The recent news of everything happening in Sudan is absolutely heartbreaking!

I’m sure we’ve all scrolled Instagram and seen posts, or we’ve gotten alerts from CNN and similar news apps but we want to pull it all together for you in one place so that you can understand what’s going on and support if you feel compelled.

So let’s start from the top….


Located in the continent of Africa, Sudan covers 1,861,484 square kilometers of land, making it the 16th largest nation in terms of land area. Sudan became an independent state in 1956, after gaining its sovereignty from The United Kingdom.


According to CNN: 

What started as a protest against an authoritarian President in Sudan turned into jubilation and dancing on the streets this year after he was deposed. But instead of the new beginning that protesters had yearned for, months of chaos and bloodshed have followed and dominated news coverage worldwide.

How did one of Africa’s largest nations go from ending a dictator’s brutal 30-year reign to deadly street crackdowns?
Here are some answers.

How did it all begin?

Everything started in December with the Sudan uprising.
The rallies began as demonstrations again the rising cost of food and shortages of fuel, but they morphed into protests against the President, Omar al-Bashir.
The movement started off on an optimistic note, with the nation’s women at the heart of the demonstrations and iconic images of them defying police brutality shared widely.

Why did they want Omar al-Bashir out?

Bashir’s legacy is one of human suffering and atrocities.

He took over as President of Sudan in 1989, after he led a coup that ousted the previous government.

Though he’s technically been re-elected several times, human rights groups say the elections weren’t democratic.

Bashir isn’t exactly known as a benevolent leader. It was estimated that more than 15,000 villagers were killed by the government-backed Janjaweed militia between early 2003 and late 2004 in Darfur, and millions of Sudanese people were displaced. The Janjaweed militia was also accused of raping women in Darfur, and the government was accused of using chemical weapons against the community.

The International Criminal Court’s chief prosecutor issued an arrest warrant in 2009 for Bashir on charges of genocide and war crimes related to Darfur. The court issued another arrest warrant in 2010 but in 2014 had to suspend the case because of lack of support from the United Nations Security Council.

That’s just scratching the surface. And through it all, Bashir retained power.

Then, the protests started late last year, and numerous deaths were reported as security forces used excessive force and violence against demonstrators, Amnesty International and others said. “The situation is getting very bad — a lot of people dying. And they are torturing so many people,” one Sudanese demonstrator told CNN in April. “So, we are here to protest that and to ask the international community to stand with the Sudanese people.”

After months of protests, Bashir was arrested in April and removed from power in a military coup announced by Sudanese defense minister, Awad Mohamed Ahmed Ibn Auf. A military council would take control to oversee a transition of power, he said.


Civilians are being killed.

Woman and children are being raped.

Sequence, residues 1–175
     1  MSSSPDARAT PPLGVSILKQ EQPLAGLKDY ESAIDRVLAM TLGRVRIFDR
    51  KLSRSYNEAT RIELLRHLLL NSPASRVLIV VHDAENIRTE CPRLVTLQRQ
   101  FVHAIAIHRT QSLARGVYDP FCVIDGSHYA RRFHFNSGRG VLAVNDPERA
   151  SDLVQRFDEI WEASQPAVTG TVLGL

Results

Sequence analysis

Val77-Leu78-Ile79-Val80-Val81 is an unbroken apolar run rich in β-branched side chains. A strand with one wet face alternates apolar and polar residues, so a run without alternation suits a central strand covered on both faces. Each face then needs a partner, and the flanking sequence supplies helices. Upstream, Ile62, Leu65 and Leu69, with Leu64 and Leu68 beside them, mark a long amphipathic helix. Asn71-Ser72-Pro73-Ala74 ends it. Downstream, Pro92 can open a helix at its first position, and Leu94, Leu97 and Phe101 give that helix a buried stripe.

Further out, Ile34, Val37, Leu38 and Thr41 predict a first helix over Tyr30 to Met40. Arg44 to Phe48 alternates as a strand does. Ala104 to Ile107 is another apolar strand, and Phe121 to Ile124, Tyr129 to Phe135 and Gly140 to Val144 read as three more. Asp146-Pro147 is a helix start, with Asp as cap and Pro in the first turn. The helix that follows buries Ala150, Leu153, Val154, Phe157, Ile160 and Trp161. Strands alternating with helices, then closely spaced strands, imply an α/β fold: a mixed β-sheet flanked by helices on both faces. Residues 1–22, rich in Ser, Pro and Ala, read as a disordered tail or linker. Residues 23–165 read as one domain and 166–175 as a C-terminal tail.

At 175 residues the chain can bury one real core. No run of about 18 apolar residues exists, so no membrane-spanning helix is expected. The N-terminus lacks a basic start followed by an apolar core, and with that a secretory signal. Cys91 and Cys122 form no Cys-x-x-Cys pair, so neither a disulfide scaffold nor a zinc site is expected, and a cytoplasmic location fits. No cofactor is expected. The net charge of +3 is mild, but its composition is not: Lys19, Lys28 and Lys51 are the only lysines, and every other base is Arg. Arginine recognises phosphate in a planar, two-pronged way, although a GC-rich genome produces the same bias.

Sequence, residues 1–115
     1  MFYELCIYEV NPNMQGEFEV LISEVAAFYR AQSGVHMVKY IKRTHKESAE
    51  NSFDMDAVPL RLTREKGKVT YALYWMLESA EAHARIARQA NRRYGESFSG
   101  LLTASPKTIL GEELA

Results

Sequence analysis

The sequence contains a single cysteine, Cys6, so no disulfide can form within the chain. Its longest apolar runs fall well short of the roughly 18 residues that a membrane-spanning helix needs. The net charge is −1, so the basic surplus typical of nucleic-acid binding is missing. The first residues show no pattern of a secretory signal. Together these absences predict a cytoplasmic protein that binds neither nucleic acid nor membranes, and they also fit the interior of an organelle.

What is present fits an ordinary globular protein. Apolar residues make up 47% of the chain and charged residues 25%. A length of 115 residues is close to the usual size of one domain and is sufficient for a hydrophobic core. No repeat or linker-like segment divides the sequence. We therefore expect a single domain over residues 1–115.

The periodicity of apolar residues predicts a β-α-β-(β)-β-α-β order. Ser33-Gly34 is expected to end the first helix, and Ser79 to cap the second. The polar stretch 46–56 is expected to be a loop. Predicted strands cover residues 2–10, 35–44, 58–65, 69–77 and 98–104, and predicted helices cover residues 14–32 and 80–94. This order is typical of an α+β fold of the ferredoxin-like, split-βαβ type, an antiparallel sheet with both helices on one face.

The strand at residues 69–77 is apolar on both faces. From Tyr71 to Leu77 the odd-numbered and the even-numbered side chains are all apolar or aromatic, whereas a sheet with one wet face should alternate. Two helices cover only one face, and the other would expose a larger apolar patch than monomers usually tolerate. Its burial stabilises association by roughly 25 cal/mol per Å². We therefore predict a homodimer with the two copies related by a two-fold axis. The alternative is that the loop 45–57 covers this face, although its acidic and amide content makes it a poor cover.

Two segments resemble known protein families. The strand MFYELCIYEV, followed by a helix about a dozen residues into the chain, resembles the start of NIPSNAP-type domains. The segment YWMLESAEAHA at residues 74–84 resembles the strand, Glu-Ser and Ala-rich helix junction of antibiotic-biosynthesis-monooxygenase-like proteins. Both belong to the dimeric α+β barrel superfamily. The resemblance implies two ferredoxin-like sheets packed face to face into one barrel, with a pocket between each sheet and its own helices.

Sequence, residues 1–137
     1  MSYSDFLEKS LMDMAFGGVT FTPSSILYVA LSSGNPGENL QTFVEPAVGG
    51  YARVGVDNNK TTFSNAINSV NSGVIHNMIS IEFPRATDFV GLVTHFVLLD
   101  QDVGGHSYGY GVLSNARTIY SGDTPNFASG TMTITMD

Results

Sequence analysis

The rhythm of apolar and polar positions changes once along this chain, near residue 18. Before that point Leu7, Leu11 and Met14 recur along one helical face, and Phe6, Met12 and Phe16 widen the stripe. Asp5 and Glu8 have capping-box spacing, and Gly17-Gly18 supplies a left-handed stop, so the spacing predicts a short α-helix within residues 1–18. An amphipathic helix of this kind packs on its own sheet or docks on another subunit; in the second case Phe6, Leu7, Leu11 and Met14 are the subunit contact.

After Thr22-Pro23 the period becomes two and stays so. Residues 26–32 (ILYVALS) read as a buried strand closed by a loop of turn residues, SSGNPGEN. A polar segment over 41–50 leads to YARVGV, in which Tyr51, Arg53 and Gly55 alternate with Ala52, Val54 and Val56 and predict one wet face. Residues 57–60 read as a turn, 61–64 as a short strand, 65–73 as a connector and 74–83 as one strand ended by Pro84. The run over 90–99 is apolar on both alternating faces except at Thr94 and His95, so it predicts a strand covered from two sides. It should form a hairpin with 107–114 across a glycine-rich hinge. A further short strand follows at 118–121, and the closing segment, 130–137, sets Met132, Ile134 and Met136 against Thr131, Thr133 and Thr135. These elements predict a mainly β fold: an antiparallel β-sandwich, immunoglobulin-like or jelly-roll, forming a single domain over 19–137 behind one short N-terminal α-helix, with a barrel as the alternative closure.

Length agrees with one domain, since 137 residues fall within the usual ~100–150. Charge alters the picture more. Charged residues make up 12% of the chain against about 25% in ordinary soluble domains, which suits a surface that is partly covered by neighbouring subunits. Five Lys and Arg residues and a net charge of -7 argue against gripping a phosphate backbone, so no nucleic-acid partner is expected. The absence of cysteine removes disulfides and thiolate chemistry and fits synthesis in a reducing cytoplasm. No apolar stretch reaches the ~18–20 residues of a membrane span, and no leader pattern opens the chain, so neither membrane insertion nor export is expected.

CNN reveals: As violence continued to mark protests, a mass civil disobedience campaign also emerged nationwide.

Soldiers and paramilitary groups earlier this month opened fire on a pro-democracy sit-in in Khartoum, leaving at least 118 people dead, the Central Committee of Sudan Doctors said. The massacre horrified human rights activists and governments worldwide.
Sudan is sliding into a “human rights abyss,” United Nations experts said, calling for an independent investigation.
According to Dessret News:
The Sudan military admitted for the first time that it ordered the brutal crackdown of the country’s protesters, which started a widespread panic and left scores dead, according to Al Jazeera.

Sudan’s ruling military council said it ordered the dispersal of the sit-in protest at the capital, which led to dozens of deaths.

The Transitional Military Council (TMC) spokesman Shams al-Din Kabashi said the military “decided to disperse the sit-in,” according to Al Jazeera.

Context: Protesters began their sit-in outside of the army’s headquarters after they saw Sudan’s longtime president Omar al-Bashir overthrown back in April.



George Cloney has been very vocal about what the US should be doing to help the citizens of Sudan and on June 11, the actor published an op-ed in Politico:

How Congress Can Help Stop the Killing in Sudan

It’s a must read!

Other celebrities using their platform to shine a light on the issues in Sudan and turning their profile photos blue:

yara shahidi
Ibtihaj mohammad


  • Call your member of Congress
  • Call 202-224-3121. State your zip code. When connected, tell them you support helping the people of Sudan
  • You can also send them George Clooney’s essay!
  • Use ResistBot to text your member of Congress.
  • Text RESIST to 50409
  • Give to UNICEF, they are currently working to help children displaced by the conflict.
  • Sign the petition telling the UN they must investigate the human rights violations in Sudan by the military.

If there is anything you’d like us to add to this article to make it a better resource please comment below!

We’ll review and add.

Prayers for our beautiful sisters and brothers in Sudan

Mommi Sanya for